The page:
By Ben Ellison
Flying With Garmin
|Part 2: There are some obvious similarities between that gee-whiz glass airplane cockpit and the fledgling big-boat system.|
What’s more, the 3006 and 3010 can be wired to each other and/or more sensors with Garmin’s new Marine Network, which is based on the 100-megabit version of Ethernet except that Garmin has designed its own waterproof Ethernet hardware. The first available sensors are unique. The GDL30 is a satellite receiver able to bring in XM Satellite Radio’s new weather data service; almost real-time Nexrad radar and other useful info like wave heights and surface temps are overlaid on the display’s BlueCharts. (I’m testing the PC versions of XM WX Weather and two similar products for an in-depth report next month.) The GDL30A adds XM’s regular, mostly commercial-free, 100-plus audio channels. The sound is routed to the boat’s stereo but is controlled by the MFD or its optional remote. In other words, you’ll be able to select tunes or even agitated talk-radio hosts with your plotter! All these items should be shipping about the time you read this, with the MFDs starting at $2,400 and the XM receivers at $650 (plus monthly subscriptions).
Contrary to normal practice, Garmin also introduced a Marine Network sensor that won’t be available until early 2005: radar. Details like brochures and prices are lacking, but it is evident—and not at all surprising, given the company’s style—that the engineers started from scratch. The 2- and 4-kW models that Garmin announced are self-contained; all the processing goes on inside the 24-inch radomes, meaning installation will only involve running Ethernet and power cables. The radars, which support chart overlay and MARPA, will display on any attached MFD. By the way, all network components are purportedly “plug and play,” and all will be easily upgradeable via PC downloads that a user can burn to a MFD’s chart card.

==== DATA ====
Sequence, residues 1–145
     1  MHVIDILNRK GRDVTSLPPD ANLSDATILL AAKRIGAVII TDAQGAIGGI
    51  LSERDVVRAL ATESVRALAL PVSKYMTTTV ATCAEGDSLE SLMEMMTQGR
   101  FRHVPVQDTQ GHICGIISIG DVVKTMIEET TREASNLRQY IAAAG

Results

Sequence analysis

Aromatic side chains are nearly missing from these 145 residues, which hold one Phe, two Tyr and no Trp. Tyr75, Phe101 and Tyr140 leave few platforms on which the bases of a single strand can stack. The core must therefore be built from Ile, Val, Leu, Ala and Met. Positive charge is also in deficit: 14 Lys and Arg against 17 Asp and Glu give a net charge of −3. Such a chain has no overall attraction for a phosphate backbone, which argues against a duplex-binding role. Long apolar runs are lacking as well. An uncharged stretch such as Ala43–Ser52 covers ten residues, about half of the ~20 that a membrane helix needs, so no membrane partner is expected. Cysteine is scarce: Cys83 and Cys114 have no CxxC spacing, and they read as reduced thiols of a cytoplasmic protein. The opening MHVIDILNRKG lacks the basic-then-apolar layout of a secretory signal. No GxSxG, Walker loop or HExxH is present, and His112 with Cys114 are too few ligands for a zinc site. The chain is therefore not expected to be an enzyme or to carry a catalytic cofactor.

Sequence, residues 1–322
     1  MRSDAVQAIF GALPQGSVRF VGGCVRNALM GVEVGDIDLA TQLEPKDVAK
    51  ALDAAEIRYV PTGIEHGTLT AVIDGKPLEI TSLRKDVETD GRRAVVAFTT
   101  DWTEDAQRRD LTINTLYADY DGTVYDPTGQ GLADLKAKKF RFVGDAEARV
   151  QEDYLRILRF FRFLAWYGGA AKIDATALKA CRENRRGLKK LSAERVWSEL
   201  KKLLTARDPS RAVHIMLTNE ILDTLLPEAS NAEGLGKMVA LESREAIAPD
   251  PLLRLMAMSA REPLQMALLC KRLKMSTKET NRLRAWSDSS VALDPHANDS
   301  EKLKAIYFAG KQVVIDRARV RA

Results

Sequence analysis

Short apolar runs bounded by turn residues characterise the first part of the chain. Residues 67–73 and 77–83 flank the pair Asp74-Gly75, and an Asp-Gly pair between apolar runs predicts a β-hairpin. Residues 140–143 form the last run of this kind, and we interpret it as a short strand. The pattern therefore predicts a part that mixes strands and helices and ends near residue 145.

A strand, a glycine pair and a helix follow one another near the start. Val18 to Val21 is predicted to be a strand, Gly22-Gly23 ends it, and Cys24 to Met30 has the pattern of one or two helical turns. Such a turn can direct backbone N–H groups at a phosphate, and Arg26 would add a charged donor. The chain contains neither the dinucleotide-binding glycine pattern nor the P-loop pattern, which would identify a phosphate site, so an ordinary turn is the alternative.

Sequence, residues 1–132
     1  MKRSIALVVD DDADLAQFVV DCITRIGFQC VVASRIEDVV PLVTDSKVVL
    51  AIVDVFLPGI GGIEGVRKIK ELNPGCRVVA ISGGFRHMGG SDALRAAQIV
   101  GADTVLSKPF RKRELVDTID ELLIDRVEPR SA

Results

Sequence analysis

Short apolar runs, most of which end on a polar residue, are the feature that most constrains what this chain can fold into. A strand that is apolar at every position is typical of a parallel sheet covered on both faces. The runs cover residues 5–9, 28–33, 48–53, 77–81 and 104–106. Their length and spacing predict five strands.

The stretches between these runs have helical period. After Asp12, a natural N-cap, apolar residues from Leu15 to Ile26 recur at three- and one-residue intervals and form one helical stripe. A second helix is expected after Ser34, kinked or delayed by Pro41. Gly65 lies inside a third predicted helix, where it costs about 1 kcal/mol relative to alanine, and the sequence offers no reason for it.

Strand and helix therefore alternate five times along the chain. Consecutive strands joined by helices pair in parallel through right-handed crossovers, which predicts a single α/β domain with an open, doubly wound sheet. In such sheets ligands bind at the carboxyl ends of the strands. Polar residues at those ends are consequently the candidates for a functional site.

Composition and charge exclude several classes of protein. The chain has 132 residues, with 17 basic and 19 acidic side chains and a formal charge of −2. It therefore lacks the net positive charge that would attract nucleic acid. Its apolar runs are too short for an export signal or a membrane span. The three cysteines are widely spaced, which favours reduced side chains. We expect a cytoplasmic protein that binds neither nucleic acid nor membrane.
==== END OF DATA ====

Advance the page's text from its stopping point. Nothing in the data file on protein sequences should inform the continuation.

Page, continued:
A major new system like this raises lots of questions, some of which I was able to throw at Garmin’s marine products manager Craig Mehan. Will Marine Network support NMEA 2000 and/or PC interfacing? “Certainly possibilities; we’ll assess our customers’ needs and continue to develop products that they want.” But he had to counter most of my nosy inquiries about items like open-array scanners and bigger displays with a “Sorry, it’s standard policy not to comment on any future product plans.”
Which is how I got to nosing around the G1000. Lo and behold, there are some obvious similarities between that gee-whiz glass airplane cockpit and the fledgling big-boat system—Ethernet, MFDs, even XM weather. Notable in the G1000 are higher-resolution displays, including a 15-inch model, and integrated VHF communications. It also supports transponder safety systems that are vaguely similar to the upcoming AIS marine safety system; it includes a high-performance, solid-state gyro not unlike the rate-of-turn gyros that are improving marine autopilot and radar overlay performance; and, in fact, a G1000 autopilot is supposedly in development. I asked Mehan if there will eventually be a marine equivalent to the G1000. His careful answer: “That would certainly be cool, wouldn’t it?” Gee, yes.
Garmin Phone: (913) 397-8200. www.garmin.com.
This article originally appeared in the June 2004 issue of Power & Motoryacht magazine.